The New York Times has an article today highlighting the growing trend toward prize-based science, especially highlighting InnoCentive, which I blogged about last year.
Award-based research turns out to be especially effective. Companies sponsoring the research only pay for research that delivers results, and they always come in at their budge—whatever value they place on the prize. In addition, you may get several competitors each performing research to attempt a solution to the problem at hand, but you only end up having to pay for the effort that succeeds.
The reason InnoCentive works is because often the best solution to a problem comes from somebody outside the field in question. Petroleum scientists, for example, specialize in their field and therefore do not have expertise that, say, a concrete chemist would have. But John Davis, a chemist specializing in concrete applied what he knew about keeping concrete from hardening to a problem set forth by the Oil Spill Recovery Institute in Alaska in order to keep oil in storage tanks from freezing.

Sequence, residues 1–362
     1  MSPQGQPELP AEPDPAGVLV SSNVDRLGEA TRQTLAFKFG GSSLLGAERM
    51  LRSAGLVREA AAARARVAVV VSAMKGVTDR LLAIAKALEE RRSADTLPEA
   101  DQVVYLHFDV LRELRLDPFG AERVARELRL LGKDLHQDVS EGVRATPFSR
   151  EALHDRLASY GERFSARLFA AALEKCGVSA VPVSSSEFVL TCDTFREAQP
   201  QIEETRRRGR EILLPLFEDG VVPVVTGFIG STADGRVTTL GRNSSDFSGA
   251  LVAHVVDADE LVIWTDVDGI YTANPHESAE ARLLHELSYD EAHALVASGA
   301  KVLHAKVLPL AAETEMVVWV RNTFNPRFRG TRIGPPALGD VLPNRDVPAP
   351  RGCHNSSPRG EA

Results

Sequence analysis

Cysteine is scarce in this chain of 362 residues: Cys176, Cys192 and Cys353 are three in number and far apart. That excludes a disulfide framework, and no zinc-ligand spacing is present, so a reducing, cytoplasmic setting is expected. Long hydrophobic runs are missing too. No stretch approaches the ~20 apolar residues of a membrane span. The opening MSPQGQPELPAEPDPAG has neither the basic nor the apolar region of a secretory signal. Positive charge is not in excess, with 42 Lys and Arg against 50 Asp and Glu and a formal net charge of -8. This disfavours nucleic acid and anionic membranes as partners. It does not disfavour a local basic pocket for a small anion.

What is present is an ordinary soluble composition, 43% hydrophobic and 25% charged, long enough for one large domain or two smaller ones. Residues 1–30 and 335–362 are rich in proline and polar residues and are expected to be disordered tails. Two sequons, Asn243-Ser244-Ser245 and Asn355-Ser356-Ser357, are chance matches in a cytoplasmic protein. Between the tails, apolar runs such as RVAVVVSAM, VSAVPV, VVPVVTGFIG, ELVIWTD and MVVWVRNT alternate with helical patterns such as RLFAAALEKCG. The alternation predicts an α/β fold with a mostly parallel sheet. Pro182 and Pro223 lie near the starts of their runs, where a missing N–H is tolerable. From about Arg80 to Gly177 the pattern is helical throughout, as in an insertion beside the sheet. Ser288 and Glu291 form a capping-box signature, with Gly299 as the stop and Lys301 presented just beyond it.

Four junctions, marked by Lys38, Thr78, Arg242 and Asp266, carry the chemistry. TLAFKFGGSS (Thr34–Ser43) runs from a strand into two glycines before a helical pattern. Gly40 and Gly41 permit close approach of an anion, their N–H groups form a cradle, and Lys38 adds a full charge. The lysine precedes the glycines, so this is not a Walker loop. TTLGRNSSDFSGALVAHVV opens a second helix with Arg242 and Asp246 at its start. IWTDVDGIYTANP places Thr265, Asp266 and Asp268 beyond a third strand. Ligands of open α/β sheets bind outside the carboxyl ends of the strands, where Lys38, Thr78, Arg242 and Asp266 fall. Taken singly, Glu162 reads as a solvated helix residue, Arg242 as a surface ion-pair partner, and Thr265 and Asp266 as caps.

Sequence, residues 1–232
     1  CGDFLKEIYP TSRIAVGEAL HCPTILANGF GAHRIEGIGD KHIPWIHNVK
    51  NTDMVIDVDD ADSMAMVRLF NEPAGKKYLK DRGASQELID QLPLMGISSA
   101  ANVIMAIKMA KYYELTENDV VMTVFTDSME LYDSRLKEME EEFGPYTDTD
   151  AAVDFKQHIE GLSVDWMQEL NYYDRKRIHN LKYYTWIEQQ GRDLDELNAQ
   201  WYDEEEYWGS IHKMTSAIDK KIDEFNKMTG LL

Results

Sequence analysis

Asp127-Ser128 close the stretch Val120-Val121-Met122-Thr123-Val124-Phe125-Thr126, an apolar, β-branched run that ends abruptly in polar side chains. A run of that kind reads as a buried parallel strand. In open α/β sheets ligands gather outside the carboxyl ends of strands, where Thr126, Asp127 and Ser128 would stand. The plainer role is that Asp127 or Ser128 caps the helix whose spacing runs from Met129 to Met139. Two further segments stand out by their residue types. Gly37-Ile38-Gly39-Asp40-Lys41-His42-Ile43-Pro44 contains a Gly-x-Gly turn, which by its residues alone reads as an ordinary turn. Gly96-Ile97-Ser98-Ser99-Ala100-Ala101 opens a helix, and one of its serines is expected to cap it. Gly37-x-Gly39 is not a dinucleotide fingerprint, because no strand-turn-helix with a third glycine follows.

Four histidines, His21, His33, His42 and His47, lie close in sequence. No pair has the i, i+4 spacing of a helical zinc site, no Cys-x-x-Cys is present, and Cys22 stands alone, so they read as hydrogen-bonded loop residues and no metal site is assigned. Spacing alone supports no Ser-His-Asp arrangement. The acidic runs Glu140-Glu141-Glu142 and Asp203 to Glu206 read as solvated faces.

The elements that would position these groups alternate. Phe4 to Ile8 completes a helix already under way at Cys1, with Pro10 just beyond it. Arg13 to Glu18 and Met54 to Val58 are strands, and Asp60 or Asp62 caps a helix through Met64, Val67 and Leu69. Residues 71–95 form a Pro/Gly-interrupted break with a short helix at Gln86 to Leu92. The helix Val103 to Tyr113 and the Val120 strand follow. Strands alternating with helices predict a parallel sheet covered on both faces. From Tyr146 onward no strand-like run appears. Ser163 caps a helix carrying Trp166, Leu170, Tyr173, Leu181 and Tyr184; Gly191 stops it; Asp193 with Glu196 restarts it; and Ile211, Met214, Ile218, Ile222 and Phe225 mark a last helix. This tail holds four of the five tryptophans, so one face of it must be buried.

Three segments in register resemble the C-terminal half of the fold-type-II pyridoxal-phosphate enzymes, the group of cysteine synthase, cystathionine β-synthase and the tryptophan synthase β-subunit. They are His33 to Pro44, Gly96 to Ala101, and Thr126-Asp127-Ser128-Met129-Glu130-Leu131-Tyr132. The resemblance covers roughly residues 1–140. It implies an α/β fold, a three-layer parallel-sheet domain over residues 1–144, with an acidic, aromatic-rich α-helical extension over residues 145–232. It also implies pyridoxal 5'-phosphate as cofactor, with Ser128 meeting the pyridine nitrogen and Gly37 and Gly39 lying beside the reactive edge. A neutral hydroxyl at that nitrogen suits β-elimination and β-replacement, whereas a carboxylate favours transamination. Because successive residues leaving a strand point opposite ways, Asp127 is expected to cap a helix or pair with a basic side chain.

The biggest organizer of research prizes right now is, of course, the X Prize Foundation, who currently has prizes active in genomics, automotive technology, and robotic lunar missions. But they're not the only ones. For several years now, the Defense Advanced Research Projects Agency has used monetary prizes to encourage outsiders to develop technology it can use for military purposes, most notably with regard to autonomous automobiles. And NASA has sponsored a number of challenges related to space exploration, such as the Lunar Lander Challenge, the Astronaut Glove Challenge (won by an engineer from Maine working at his dining room table), and a couple of competitions related to space elevator technologies.
If you have any scientific or technical skills, maybe it's time you took a look at some of these challenges facing us.